The novel opens with a summer storm blowing through Vashon Island, WA and retired children's librarian Maggie hearing something unusual in between generator noise and the gusting wind. It turns out to be her curmudgeonly neighbor's dog howling because his master is trapped under debris having suffered a small stroke. Maggie goes to his rescue and finds herself becoming more and more enmeshed in Walter's life, again. She and Walter, who is a famous, rather reclusive children's author, have a history together and it's not a pretty one.
Maggie is a good-hearted character who has found herself a place in the small, rather earthy community of Vashon Island and she is taking the summer, the first one of her retirement, to decide what she wants out of life. Taking care of Walter and his devoted mutt Bill Bailey are not in her plans. But she can't just abandon him to his solitude either. Meanwhile, Maggie's younger sister, a needy sort of person who is rarely without a man, is in the throes of another divorce from yet another wealthy husband and she has decided that she should be closer to her only family, arriving on Maggie's doorstep and selfishly (or perhaps just self-centeredly) adding to the caretaking burden Maggie is already under.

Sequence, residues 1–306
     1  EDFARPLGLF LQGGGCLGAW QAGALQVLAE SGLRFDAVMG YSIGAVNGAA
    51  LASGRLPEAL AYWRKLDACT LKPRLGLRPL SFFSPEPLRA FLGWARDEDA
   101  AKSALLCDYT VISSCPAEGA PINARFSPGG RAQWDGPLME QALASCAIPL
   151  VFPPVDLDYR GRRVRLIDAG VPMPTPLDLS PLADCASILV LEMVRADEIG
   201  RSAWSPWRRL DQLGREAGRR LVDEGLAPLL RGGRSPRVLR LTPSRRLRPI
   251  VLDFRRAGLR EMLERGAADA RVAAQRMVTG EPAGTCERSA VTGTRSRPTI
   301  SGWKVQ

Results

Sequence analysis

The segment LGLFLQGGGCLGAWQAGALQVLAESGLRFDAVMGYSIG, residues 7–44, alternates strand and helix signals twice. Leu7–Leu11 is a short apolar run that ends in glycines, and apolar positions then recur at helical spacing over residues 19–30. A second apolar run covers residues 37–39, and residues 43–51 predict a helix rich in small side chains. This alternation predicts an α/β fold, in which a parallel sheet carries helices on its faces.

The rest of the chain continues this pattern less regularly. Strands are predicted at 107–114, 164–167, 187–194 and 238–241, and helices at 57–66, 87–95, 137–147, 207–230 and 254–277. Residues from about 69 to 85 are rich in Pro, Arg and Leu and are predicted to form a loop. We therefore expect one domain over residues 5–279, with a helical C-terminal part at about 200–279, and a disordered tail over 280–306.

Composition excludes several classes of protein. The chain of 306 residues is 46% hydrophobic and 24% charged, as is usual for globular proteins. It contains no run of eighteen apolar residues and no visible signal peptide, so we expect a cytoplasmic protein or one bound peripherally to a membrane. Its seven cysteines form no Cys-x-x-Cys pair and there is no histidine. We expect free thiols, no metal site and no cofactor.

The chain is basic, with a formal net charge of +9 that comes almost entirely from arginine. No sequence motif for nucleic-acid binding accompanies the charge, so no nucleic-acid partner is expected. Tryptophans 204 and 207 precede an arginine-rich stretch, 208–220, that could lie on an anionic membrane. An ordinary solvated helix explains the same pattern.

Walter, when he suffers his small stroke, is in the midst of another book, which Maggie, an inveterate snooper (she charmingly admits to her vices, small as they are) has started reading. She loves it but her snooping also tells her that it won't be easy for Walter to publish this novel because of the climate of children's publishing. And so Maggie steps up to help Walter keep momentum, to shepherd him through his charming tale. As she types his manuscript, she and Walter develop a relationship and face the history that they have together.
This is a tale of friendship and love, facing mortality and the worth of human connection. The characters are delightful, engaging, and fully formed and it is a pleasure to follow them as they discover not only their own worths but also the worth of others close to them. There are no big explosions here, just the drama of everyday living while aging but that makes for a surprisingly good and pleasing read. Second chances are the stuff of life as long as a person has the courage to keep living it and ultimately Maggie and Walter and all those around them show readers that simple courage.
For more information about Jean Davies Okimoto and the book visit her webpage. Follow the rest of the blog tour or look at the amazon reviews for others' thoughts and opinions on the book.
And don't forget to visit TLC's Book Club giveaway in the month of March where up to ten copies of this charming story will be up for grabs for your bookclub.
Thanks to Lisa from TLC Book Tours and the publisher for sending me a copy of the book for review.